Female civil servant arrested under OSA for leaking daily updates of new COVID-19 cases

·Editorial Team
·2-min read
SINGAPORE, SINGAPORE - APRIL 17: A migrant worker wearing protective face mask has his temperature checked by a security guard before entering a factory-converted dormitory on April 17, 2020 in Singapore. The Coronavirus (COVID-19) pandemic has spread to many countries across the world, claiming over 140,000 lives and infecting more than 2 million people. (Photo by Ore Huiying/Getty Images)
A migrant worker has his temperature checked by a security guard before entering a factory-converted dormitory on 17 April 2020 in Singapore. (PHOTO: Getty Images)

SINGAPORE — A 35-year-old female civil servant has been arrested over alleged leaks of the daily updates of confirmed COVID-19 cases in Singapore prior to their official release, the police said on Thursday (23 April). 

The Singaporean woman is being investigated for wrongful communication of information under the Official Secrets Act (OSA) and unauthorised access to computer materials under the Computer Misuse Act (CMA).

On 16 April 2020 at 7.43pm, the police received a report from a member of the public that the number of daily confirmed cases of COVID-19 in Singapore for that day had been leaked on an Instagram story post, even though the Ministry of Health (MOH) had not publicly released the figure.

Preliminary investigations revealed that the woman, who is an authorised recipient of classified information on COVID-19, had shared the number of new COVID-19 cases for 16 April with members in a private WeChat group. Members in the WeChat group, who were not authorised to receive the classified information, further disseminated the information before MOH had publicly released the information.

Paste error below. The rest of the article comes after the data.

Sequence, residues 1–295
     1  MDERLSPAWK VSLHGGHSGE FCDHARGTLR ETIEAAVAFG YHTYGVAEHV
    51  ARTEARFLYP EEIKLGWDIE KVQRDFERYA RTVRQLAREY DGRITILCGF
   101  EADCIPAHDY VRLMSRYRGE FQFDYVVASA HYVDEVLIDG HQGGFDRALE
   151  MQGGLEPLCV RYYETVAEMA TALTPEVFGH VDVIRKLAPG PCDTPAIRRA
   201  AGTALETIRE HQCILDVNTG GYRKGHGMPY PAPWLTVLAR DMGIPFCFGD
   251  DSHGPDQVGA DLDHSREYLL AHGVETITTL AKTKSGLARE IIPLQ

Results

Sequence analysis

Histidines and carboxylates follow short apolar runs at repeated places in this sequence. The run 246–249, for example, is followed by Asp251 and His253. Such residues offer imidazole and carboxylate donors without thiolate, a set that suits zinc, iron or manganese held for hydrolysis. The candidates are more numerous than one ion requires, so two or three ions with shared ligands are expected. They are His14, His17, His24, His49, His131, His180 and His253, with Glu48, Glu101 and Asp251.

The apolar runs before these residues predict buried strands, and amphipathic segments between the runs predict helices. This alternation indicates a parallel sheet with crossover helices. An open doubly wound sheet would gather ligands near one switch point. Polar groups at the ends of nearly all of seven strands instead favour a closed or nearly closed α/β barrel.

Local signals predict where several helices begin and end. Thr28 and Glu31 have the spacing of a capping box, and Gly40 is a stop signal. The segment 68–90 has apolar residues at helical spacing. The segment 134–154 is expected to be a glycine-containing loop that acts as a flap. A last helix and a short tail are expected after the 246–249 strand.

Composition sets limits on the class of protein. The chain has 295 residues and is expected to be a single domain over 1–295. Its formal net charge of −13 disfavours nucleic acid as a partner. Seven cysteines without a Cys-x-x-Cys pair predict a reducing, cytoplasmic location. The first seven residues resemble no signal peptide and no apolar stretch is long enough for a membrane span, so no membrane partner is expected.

Further investigations revealed that the woman had shared Singapore's daily COVID-19 case figures with the members in the WeChat group before MOH publicly released the information on several other occasions.

In addition, the woman had accessed a Government COVID-19 database without authorisation to retrieve confidential records of a person who tested positive for COVID-19, and provided the information to her friend.

“The government takes a serious view of any wrongful communication of confidential information and will deal firmly with anyone who does so,” the police said.

A person who is convicted of the offence of wrongful communication of information under the OSA faces a fine of up to $2,000 and a maximum two-year jail term.

A person who is convicted of unauthorised access to computer materials under the CMA faces a fine of up to $5000 and a maximum two-year jail term.

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